Images of Freeverse staff in happier times from Crain’s New York Business
Mobile

The iPad Mini, Apple’s tiny tablet, makes a return with powerful specs

Apple has finally revealed the iPad Mini. With all-new and upgraded specs, support for the Apple Pencil, and a fantastically inclusive price, here's everything you need to know about the iPad Mini.
Movies & TV

These are the best movies on Hulu right now (March 2019)

From dramas to blockbusters, Hulu offers some great films to its subscribers. Check out the best movies on Hulu, whether you're into charming adventure tales or gruesome horror stories.
Gaming

These are the must-have games that every Xbox One owner needs

More than four years into its life span, Microsoft's latest console is finally coming into its own. From Cuphead to Halo 5, the best Xbox One games offer something for players of every type.
Gaming

The best Wii games, from Super Mario Galaxy to Zelda: Skyward Sword

Nintendo shook up the gaming world with the Wii and its unique control scheme. Here are our picks for the best Wii games -- just don't blame us for having too many Mario titles on the list.
Music

Apple Music vs. Spotify: Which service is the streaming king?

Apple Music is giving Spotify a run for its money, but which service is best for you? In our Apple Music vs. Spotify showdown, we compare and contrast all we know about the two streaming music services.
Mobile

The Apple iPad Air is the power-packed tablet for everyone

The iPad Air is the less serious cousin to Apple's iPad Pro range, and it's the perfect addition to your coffee table. But it's no less powerful. Here's everything you need to know about the iPad Air.
Mobile

Apple’s new iPads are hardly new at all. Don’t waste your money

It has taken Apple four years to get around to updating the iPad Mini line, but the new iPad Mini is virtually identical to its predecessor. It’s joined by a confusing iPad Air with no obvious target audience. Is Apple just trying to sell…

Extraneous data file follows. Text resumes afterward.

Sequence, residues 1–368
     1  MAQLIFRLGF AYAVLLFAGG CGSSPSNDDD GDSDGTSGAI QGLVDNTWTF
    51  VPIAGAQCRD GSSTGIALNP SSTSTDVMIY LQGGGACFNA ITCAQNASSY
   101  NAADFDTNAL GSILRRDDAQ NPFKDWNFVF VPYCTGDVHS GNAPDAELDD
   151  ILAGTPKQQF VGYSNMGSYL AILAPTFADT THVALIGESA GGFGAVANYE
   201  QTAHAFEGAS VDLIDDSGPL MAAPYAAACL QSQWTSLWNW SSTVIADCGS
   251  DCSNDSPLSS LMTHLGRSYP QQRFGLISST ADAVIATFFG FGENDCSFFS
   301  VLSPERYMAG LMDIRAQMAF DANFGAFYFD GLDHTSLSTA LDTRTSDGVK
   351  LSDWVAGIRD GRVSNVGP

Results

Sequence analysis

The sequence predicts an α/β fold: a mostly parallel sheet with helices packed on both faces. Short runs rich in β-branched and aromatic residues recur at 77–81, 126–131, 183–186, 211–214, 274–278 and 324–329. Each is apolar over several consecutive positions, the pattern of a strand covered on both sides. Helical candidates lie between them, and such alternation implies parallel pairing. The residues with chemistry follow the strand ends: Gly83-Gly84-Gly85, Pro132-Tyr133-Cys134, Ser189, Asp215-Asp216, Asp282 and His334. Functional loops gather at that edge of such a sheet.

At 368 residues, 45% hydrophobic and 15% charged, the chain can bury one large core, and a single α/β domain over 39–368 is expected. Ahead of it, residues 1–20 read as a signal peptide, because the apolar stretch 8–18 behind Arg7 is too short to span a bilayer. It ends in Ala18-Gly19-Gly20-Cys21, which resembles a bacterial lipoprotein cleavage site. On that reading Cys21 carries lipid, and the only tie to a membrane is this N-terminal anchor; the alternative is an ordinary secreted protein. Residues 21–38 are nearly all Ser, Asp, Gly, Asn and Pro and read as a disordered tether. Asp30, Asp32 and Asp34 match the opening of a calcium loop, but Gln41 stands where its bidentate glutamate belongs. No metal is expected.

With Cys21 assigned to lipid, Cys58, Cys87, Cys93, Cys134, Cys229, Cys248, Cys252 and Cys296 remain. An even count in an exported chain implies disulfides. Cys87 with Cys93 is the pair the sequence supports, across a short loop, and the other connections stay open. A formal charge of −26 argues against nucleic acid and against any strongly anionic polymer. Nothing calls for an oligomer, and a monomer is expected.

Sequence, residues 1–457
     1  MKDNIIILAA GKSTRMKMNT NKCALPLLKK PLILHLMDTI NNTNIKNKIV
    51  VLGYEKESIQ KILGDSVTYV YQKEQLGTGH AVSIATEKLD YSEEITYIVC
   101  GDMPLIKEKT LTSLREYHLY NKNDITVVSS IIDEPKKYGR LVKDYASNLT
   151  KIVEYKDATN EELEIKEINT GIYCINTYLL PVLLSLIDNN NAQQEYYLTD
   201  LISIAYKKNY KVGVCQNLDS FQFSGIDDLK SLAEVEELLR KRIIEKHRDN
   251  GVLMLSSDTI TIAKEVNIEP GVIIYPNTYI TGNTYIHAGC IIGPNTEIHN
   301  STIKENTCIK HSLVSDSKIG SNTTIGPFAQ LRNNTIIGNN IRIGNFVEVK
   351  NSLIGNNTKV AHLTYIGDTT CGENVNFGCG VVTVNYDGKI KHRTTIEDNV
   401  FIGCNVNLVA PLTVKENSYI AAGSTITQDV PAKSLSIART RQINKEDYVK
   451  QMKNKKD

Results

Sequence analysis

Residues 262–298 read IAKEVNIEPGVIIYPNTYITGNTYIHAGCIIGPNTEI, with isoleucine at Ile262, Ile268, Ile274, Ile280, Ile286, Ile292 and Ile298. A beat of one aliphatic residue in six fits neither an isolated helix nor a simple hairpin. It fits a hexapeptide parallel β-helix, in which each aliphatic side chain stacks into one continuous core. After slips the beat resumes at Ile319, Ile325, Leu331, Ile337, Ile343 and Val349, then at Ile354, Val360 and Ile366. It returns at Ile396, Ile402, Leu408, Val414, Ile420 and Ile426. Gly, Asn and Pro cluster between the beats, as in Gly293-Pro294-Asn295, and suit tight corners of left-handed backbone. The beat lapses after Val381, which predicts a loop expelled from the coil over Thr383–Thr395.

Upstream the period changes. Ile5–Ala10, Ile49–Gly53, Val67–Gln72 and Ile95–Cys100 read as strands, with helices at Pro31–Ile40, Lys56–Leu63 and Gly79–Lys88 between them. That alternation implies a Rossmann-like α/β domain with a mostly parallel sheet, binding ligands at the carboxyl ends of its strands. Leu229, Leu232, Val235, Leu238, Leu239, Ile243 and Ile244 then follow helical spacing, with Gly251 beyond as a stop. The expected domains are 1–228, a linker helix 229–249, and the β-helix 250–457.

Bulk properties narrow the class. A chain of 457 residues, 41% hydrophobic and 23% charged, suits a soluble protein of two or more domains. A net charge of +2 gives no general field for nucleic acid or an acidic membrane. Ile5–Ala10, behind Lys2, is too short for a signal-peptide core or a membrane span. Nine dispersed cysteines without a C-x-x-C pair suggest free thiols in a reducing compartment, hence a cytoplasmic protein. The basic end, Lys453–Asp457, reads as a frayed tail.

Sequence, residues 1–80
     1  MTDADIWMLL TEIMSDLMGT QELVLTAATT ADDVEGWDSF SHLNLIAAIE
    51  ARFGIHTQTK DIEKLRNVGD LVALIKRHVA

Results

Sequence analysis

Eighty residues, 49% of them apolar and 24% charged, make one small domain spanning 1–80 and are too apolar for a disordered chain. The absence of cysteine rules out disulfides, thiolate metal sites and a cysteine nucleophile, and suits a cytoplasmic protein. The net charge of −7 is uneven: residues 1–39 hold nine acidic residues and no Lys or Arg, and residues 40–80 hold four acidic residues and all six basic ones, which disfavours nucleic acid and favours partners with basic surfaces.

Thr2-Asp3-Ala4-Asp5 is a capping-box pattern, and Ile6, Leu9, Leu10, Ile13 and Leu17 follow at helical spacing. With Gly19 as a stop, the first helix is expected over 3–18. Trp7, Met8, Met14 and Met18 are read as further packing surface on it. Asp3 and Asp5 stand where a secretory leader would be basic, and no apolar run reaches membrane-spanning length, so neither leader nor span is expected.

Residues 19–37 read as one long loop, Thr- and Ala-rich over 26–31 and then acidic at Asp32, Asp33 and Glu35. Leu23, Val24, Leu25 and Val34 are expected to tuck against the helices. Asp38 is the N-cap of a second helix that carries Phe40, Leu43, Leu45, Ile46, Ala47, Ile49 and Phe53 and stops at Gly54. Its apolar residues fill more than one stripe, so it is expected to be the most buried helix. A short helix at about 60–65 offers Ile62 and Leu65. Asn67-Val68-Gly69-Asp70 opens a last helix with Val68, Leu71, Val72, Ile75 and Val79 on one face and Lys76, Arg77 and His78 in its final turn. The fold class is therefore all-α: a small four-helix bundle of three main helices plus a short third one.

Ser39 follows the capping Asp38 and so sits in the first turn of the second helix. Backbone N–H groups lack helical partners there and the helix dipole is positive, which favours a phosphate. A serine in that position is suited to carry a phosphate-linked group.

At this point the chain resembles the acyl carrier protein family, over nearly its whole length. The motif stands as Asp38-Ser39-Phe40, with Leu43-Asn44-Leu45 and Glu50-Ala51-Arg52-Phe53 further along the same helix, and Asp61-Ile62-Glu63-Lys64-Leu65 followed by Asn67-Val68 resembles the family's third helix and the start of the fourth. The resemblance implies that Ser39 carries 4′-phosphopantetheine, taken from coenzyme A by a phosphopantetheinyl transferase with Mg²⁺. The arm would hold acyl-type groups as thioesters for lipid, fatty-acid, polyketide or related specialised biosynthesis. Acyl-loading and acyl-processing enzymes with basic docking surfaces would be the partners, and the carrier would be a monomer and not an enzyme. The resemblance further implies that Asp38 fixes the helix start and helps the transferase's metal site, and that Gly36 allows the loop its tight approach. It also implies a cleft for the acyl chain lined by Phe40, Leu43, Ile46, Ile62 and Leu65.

Deals

This is the one thing you need to do before giving your child a smart phone or tablet

Monitoring your kids' digital habits can be a challenge in today’s high-tech age, but great parental control software like Qustodio gives parents a much-needed advantage Read on to find out how you can protect your child from online…
Movies & TV

Apple bet big on TV and movie projects. Here’s what we know about them so far

Apple has an ambitious slate of original programming it has been developing in recent years, so will the March 25 event finally reveal when — and where — we will be able to see some of these TV shows and movies?
Mobile

How to choose an iPad in 2019: A practical guide to Apple’s tablets

Selecting an iPad from Apple's lineup can be intimidating, but it doesn't have to be. Our comprehensive guide should put the numbers and specs in practical, easy-to-understand terms. Find your ideal iPad with the help of our guide.
Mobile

These voice-changing apps will have you punking friends and family like a pro

Have you ever wanted to call your friends as Darth Vader or Alvin from the Chipmunks? If you want to play a prank on your friends, we have the best voice-changer apps for iOS and Android, whether you want to record audio or make a call.
Mobile

iPad Air vs. iPad Mini: Which new tablet from Apple is best for you?

Apple has unveiled two new iPad models, including a new iPad Air and a new iPad Mini. Both devices have a lot to offer. But which iPad is right for your needs? We put the iPad Air and iPad Mini to the test to find out.
Deals

The best Apple AirPods alternatives for Android, Windows, and iOS devices

Apple AirPods, nice as they are, aren't the only game in town. Other makers are offering their own truly wireless earbuds, and if you're looking to buy a pair of high-end in-ear headphones, we've got the best AirPod alternatives on the…
Mobile

Even older Apple Watches could be effective at spotting heart conditions

The Apple Watch Series 4 is known for detecting heart conditions like atrial fibrillation thanks to having an electrocardiograph feature. It turns out that older Apple Watches could be effective at tracking AFib, too.